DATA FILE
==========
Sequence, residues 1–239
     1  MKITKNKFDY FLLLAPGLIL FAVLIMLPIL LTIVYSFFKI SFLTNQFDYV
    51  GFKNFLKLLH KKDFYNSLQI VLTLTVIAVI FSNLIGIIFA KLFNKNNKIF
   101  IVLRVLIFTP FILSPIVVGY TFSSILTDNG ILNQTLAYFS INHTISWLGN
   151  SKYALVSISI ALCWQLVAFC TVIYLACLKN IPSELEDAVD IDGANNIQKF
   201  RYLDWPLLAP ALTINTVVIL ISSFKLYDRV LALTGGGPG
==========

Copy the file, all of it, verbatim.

Sequence, residues 1–239
     1  MKITKNKFDY FLLLAPGLIL FAVLIMLPIL LTIVYSFFKI SFLTNQFDYV
    51  GFKNFLKLLH KKDFYNSLQI VLTLTVIAVI FSNLIGIIFA KLFNKNNKIF
   101  IVLRVLIFTP FILSPIVVGY TFSSILTDNG ILNQTLAYFS INHTISWLGN
   151  SKYALVSISI ALCWQLVAFC TVIYLACLKN IPSELEDAVD IDGANNIQKF
   201  RYLDWPLLAP ALTINTVVIL ISSFKLYDRV LALTGGGPG